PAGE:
Saturday, November 20, 2010

What's Normal?

I think this will be a short update (yeah, I know, I've said that before), then I've got a favor to ask.

The last couple of weeks we've been trying to figure out what's normal.

Ethan's 27 months old now, and until recently we'd never tried to get him to go to sleep by himself. We would always hold him and rock him while he laid on a big pillow on our laps.

I suppose it's silly that we never worked to teach him to go to sleep in his crib. But, with a kid who has spent so much of his life sick or in pain, or under the effects of drugs that screw with his sleep or upset his stomach, comforting and putting him to sleep have seemed two sides of the same coin.

We know he can go to sleep on his own because he does it during nap time at daycare, when all of the kids just curl up on their cots and go to sleep.

Now, we're starting to try to teach him how to go to sleep at home, and as natural as it may be for a normal kid, I find myself torn about working on this simple thing with him even now. Because I know that within two months his body is going to be torn apart by chemotherapy again, and I know that I will pick him up and comfort him until he can go to sleep, however long that may take.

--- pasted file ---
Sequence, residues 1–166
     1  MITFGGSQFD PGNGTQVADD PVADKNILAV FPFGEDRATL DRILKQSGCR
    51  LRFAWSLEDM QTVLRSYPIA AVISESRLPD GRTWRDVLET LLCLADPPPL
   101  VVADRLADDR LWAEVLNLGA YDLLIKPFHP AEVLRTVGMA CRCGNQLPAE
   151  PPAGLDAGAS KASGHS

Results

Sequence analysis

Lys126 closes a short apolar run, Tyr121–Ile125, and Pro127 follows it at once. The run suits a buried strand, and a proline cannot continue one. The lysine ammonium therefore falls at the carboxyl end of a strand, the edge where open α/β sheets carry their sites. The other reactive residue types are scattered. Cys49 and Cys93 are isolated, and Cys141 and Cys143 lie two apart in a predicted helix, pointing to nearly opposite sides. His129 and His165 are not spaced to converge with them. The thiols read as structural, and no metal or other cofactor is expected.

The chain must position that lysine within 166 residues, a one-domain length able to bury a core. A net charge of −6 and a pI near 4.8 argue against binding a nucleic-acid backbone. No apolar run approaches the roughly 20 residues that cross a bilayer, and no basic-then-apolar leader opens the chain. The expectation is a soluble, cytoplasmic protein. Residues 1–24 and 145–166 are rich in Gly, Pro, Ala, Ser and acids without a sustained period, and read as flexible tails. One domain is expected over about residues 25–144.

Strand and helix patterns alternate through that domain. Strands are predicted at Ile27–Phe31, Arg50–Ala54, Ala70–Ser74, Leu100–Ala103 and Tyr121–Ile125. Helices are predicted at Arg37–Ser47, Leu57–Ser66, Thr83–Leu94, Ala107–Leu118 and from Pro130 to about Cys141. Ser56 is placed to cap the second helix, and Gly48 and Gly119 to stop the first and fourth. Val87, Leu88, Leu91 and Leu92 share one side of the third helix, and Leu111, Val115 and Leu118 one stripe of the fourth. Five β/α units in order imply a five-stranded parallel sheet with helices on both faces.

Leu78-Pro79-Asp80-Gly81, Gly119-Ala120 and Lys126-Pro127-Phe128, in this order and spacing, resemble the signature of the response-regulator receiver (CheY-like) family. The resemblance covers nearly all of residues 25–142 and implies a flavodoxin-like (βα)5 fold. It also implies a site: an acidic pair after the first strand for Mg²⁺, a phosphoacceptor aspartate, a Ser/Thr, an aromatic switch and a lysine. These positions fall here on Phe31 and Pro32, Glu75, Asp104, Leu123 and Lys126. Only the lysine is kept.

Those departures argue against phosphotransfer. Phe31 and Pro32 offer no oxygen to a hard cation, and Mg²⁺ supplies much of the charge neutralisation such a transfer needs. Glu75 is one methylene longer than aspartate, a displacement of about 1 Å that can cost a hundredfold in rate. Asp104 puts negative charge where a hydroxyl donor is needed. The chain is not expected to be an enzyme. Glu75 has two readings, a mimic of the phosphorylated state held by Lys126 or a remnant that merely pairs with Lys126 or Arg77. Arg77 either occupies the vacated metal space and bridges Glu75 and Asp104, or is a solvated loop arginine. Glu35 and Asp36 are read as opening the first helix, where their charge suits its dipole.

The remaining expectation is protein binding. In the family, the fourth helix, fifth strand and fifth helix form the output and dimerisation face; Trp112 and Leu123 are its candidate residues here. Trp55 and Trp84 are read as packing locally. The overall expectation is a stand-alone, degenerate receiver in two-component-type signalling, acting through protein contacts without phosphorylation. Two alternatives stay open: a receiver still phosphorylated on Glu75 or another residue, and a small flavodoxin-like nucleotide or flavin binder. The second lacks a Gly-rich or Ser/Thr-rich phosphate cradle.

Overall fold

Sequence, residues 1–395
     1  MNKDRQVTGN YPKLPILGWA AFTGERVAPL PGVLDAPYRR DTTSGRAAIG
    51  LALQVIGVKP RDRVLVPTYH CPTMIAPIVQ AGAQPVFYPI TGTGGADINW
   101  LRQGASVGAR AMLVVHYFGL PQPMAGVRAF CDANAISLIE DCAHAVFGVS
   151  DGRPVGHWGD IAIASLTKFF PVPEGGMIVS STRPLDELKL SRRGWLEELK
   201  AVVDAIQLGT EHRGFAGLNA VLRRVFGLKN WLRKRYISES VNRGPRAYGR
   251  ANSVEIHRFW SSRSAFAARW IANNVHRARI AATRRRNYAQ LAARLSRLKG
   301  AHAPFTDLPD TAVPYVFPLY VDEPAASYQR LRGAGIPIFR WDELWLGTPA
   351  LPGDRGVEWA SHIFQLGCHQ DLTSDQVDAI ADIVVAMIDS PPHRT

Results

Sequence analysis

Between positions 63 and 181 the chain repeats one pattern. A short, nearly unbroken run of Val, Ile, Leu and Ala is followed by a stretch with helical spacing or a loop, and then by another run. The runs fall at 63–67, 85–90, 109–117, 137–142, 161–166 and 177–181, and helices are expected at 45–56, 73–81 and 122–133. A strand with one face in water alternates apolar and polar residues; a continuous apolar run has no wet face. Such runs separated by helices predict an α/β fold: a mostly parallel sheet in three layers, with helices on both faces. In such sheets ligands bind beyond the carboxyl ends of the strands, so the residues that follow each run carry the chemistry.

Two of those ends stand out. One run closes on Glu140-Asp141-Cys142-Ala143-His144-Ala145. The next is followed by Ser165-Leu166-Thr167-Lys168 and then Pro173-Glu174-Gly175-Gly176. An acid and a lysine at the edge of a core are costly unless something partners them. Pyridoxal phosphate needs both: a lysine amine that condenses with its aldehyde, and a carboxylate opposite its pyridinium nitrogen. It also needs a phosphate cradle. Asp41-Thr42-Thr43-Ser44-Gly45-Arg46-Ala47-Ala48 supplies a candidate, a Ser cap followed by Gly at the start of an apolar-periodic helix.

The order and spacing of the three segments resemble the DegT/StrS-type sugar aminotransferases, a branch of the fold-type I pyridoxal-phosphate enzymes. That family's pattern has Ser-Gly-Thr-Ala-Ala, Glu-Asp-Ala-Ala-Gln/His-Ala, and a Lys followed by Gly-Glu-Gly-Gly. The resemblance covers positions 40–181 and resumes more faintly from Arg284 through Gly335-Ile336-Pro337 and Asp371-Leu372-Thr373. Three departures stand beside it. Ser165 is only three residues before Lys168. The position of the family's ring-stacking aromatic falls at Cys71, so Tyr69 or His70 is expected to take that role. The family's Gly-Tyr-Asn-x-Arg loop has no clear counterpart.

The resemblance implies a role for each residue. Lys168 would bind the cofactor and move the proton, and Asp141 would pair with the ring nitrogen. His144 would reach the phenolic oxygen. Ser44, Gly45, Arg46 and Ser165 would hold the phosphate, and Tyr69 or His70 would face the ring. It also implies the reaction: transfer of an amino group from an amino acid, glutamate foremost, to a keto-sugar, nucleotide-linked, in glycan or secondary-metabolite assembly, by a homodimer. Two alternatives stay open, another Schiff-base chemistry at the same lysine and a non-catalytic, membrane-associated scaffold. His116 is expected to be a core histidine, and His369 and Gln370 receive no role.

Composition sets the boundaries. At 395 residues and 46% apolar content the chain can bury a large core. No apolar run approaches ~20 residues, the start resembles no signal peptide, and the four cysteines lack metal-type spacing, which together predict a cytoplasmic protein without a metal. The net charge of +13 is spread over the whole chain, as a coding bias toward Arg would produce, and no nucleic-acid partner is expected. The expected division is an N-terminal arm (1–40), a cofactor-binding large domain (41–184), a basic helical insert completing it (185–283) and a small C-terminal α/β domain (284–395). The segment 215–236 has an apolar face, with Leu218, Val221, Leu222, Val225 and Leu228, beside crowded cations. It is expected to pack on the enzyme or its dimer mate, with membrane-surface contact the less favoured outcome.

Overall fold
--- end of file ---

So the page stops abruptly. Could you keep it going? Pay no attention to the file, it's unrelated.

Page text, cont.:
Blood Pressure
Ethan had a check up with his primary care doctor a few weeks ago. She and we wanted her to double check Ethan ears and ear tubes after he came off of back to back ear infections. When they did his check in vitals, Ethan's blood pressure was 115 over sixty something. Dr. Oltmans commented that it was high for a kid his age, and my response was that it was ten points lower than it usually is because the docs at Doernbecher recently put him back on Amlodepine to counteract the effects of the steroids.

Dr. Oltmans raised the point that even though he's on steroids and has MPS and has been through transplant, there's no reason to allow a higher blood pressure, because it doesn't do anything for him except make his heart work harder. So, she gave us a referral to a specialist and we're scheduled to take Ethan in on Dec. 2.

Nobody at Doernbecher has seemed overly concerned about his blood pressures being in the 120s, so I never knew that pediatric blood pressures were typically in the 80s for kids Ethan's age.